Director’s Corner: Breakfast is ready
On Thursday, Sept. 30th, the annual Real Change gathering of the tribe will take place over breakfast at Seattle Center’s Fisher Pavilion. If you’re not planning on being there, you might want to change your mind about that. There is no cooler way to support our work than to immerse your bad self in the thing that is Real Change during those early morning hours, when dreams and reality collide and the cold grey dawn is loaded with possibility and magic.
Mayor Mike McGinn, a man who clearly has his work cut out for him, will be joining us this year to say a few words about the challenges we face and the importance of our work. This Monday, Sept. 27th, the Mayor will release his 2011 budget at the Rainier Beach Community Center at noon to the City Council. It’s a tough budget for tough times. Seattle faces at least a $67 million shortfall for the next year. This is a grim reality. With all levels of government facing similar challenges, we’re looking at a lot of rough road.
In times like this, we must be guided by shared human values and good fiscal sense. Government needs to be both transparent and lean. We need economic development that creates jobs for the future and builds opportunity for low-income people and the middle-class. We need real public safety that protects the public without bowing to fear and creates strong and healthy communities. We need to reexamine our assumptions and pull together for the common good.
I’ve written extensively about Seattle’s proposed deep bore tunnel, and how that project exemplifies big and risky infrastructure at a time when transportation solutions should be cost-effective and certain. The tunnel, in addition to being costly, is a case study in how power often trumps people when it comes to public process.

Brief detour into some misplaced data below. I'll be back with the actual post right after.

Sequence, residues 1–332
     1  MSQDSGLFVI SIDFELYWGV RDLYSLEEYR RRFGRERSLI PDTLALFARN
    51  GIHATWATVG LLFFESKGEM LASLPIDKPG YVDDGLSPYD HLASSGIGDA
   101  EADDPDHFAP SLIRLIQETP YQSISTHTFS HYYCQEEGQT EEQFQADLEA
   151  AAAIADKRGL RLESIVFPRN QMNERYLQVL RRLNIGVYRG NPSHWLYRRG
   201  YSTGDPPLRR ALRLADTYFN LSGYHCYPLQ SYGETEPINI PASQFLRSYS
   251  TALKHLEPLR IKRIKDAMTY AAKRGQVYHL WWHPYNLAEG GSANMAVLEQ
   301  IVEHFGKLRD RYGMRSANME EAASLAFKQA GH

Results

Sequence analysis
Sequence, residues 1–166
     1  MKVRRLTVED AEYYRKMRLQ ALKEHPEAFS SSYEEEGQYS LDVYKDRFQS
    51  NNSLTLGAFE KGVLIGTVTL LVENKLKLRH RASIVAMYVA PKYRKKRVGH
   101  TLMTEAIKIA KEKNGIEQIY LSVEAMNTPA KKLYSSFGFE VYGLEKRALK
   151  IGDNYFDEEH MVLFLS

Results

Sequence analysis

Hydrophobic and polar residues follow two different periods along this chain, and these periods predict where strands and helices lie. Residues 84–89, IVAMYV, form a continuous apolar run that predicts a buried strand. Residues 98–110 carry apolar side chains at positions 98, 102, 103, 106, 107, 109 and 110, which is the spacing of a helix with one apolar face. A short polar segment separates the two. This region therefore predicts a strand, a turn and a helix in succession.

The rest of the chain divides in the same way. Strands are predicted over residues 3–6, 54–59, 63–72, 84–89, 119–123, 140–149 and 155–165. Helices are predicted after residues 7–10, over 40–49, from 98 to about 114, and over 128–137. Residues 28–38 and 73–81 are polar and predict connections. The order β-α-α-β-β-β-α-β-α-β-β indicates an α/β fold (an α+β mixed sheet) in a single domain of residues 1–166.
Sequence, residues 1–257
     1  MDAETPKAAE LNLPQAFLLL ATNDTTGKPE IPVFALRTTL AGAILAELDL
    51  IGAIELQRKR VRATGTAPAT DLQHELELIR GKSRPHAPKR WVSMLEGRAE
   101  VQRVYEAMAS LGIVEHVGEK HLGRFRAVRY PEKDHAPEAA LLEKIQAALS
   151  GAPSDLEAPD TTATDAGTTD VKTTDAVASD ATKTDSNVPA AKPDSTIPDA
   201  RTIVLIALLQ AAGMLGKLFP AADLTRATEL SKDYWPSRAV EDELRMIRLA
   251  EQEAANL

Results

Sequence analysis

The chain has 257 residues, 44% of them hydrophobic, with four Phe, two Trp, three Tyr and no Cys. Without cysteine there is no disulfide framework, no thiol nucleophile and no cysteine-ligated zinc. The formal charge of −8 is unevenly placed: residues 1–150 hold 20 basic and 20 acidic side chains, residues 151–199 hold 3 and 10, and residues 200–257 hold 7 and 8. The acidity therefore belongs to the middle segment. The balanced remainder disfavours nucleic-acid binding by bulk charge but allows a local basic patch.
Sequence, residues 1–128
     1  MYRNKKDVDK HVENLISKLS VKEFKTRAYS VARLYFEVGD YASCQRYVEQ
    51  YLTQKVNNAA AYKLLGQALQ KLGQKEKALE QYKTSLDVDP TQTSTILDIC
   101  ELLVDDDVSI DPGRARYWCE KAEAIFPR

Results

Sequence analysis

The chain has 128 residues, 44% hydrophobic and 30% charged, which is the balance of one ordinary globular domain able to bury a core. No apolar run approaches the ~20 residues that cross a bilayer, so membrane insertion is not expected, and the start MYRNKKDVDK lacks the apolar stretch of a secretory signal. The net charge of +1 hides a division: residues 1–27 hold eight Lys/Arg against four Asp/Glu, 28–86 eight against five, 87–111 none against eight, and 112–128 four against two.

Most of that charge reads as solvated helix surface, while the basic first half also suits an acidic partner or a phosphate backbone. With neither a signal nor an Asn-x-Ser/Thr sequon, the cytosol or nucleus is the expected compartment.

The Museum of History and Industry deal is the newest case in point. Their success in negotiating a $47 million package for their old site, as opposed to the $15 million that was generally anticipated, is impressive to say the least. Yay MOHAI! Way to leverage scarce public resources!
Now, how about making do with a mere $40 million, and leaving the rest to the City’s cash-strapped general fund? This, given the times, seems like a very reasonable idea. Instead, some City Council members have seized upon McGinn’s common sense proposal to accuse the Mayor of dishonest dealing and even class war.
This is not helpful. Nor does it bode well for a rational budget process. The Council is rushing the matter to a vote on Monday, Sept. 27, at 2 p.m. Their plan is to square the $7 million away for their powerful friends at MOHAI before the budget process even begins. We need to call bullshit on that and we need to do so now.
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